Our father opens his cupped hands to share the hearts he has just found on the beach. He does not speak, but tenderness softens his eyes as he looks down at them and the slightest of smiles plays with the corners of his mouth, as if he has a secret. He seems quite pleased with himself, yet offers his find with what could be shyness, one much, much younger than his years.
For the past while he has been plodding slow, irregular circles around a daughter seated in a beach chair, never straying very far, shoulders curved, his chin close to his chest as he searched. From time to time he would push small driftwood or dried seaweed aside with his foot and stoop to pick up what he had uncovered, or not. Those he did he subjected to a slow inspection, turning this way and that, changing angles to sun and shadow and the squint of his eye. Most he flicked sideways back to the sand, but the few he recognized he placed onto his left palm, which he closed carefully, although they were not fragile.
This is new to us, his looking down at the ground, as if gravity bids him now. He had always been one to look skyward, or to the treetops.
As on a brilliant day in late June when he took two daughters for a hike along a bluff and came upon an open field. We leapt, back then, at the chance to join him on his walks, which might take us to woods, a cemetery, or just to a train station platform, where we would compete to be first to call out the locomotive’s headlight and hope a trainman returned our waves, best of all from the caboose. He worked days and often nights and usually Saturdays, so we never took time with our father for granted, and ranked it better than being allowed to sit in the front seat of the car.
He would explain what we saw on our walks, but also give us a glimpse into the world or, more aptly, the secret society of adults and their concerns, and talk about how Governor Rockefeller’s recent divorce might affect his political future, or what the state was doing to fight the lamprey invasion of the Great Lakes, topics that a decade or so later might elicit impatience, but at the time felt a compliment, as if we could be trusted with a bit of adulthood.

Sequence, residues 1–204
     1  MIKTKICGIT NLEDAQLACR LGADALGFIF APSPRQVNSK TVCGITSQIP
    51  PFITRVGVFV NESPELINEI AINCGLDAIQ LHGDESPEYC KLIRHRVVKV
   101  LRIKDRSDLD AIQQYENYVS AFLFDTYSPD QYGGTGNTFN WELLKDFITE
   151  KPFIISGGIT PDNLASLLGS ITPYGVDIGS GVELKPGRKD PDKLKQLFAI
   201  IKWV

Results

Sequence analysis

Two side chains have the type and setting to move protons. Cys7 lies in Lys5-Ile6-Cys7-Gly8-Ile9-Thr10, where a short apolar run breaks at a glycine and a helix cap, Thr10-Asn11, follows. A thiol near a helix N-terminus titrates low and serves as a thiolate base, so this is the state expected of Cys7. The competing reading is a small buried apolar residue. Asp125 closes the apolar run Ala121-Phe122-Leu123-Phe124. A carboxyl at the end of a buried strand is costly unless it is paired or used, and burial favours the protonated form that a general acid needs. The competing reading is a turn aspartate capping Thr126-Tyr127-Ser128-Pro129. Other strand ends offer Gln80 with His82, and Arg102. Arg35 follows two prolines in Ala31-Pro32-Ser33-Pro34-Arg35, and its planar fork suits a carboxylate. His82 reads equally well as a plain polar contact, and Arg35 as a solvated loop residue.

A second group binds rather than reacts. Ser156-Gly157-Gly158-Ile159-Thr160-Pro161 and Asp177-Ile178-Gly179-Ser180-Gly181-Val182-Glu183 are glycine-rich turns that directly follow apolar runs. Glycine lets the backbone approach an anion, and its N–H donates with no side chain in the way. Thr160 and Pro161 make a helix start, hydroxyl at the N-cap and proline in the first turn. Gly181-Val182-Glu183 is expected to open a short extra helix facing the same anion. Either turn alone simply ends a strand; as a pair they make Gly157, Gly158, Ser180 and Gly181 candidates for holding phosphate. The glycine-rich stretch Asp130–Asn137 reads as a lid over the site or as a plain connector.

Time spent with him back then was most often without conflict. Those who remember the times might say that this was so because he saw less of us, while the day in, day out weight of raising six children fell largely to our mother. That may well be true; but it was also the case that while both parents held high expectations of us, his were more forgiving.
He took us toward the middle of the field, away from tree shadows, and tried to demonstrate how to tell time if we ever became lost without a watch. We might have preferred just to be given the watches we were considered too young to have, and which we saw as an indication of seriousness of purpose. He stood erect and made his right arm and hand rigid, his thumb pressed against the base of his index finger, not unlike the needle of a compass. He aimed up at the sun, then dropped his arm, pivoted a sharp quarter turn, and raised his arm up again to mark south, then west and north. When he returned to the sun, he turned his palm inward, kept his fingers together, and aligned his pinky with the horizon. He taught — or tried to — how to calculate remaining daylight by counting the fingers or stacked hand breadths it took to reach the sun.
When as adults we would remember this, we would laugh to picture ourselves small and alone, lost in some wilderness, with no idea how to find food or water or shelter, but at least knowing the time.
He had hoped to become a pilot during World War II, but so did too many others, and the Army kept him earthbound, assigning him to a “Skylighter” battalion that trained searchlights on German aircraft and guided Allied planes home. He had to identify aircraft quickly and unmistakably, as antiaircraft guns followed the beams of light.
Later in life — or perhaps from very early on, how would we know? — he watched birds, or more honestly, fell in love with them, and knew their colors by the season and calls by their intent; who built architectural marvels or afterthoughts of nests, and who braved the cold and who the long, dangerous passage south.
So whether it be the engine of a far-off plane or the sharp dive of a blurred something into the safety of a tree, he could not help but look up: from a reflex trained into him that he would have until he could no longer hear, and, in the case of the bird, simply because he was smitten.
The daughter admires his treasure and sends quiet thanks out to No One in Particular, as joy has become one of his rarer birds, an abrupt appearance seemingly from nowhere, some busyness on a twig, and a just as sudden departure.
No one would confuse these three stone hearts with the Valentine’s Day sort, their perfectly symmetrical halves smooth and uncomplicated, as delicate as the lace filigree around them. If love does indeed reside in the heart, it is a dreamy, unmarred thing, with never a strain placed upon it.
His are closer to anatomically correct, the elegant but not particularly attractive muscle that a heart is, more prose than poetry. The shape is sacklike rather than triangular, as if something is being held, or cradled, with the surface smooth in some places, but mostly raised as if covered in membrane, or woven through with striations and ridges that bring muscle fibers to mind.
It is a heart made to labor and endure, given us to use and, in time, spend.
He agrees that these are hearts to be saved, and he helps wrap them in a towel, taking care to tuck in the corners. He will bring the hearts home.
Mary Kate Eggert spent summers with her family in Maidstone Park when she was a child.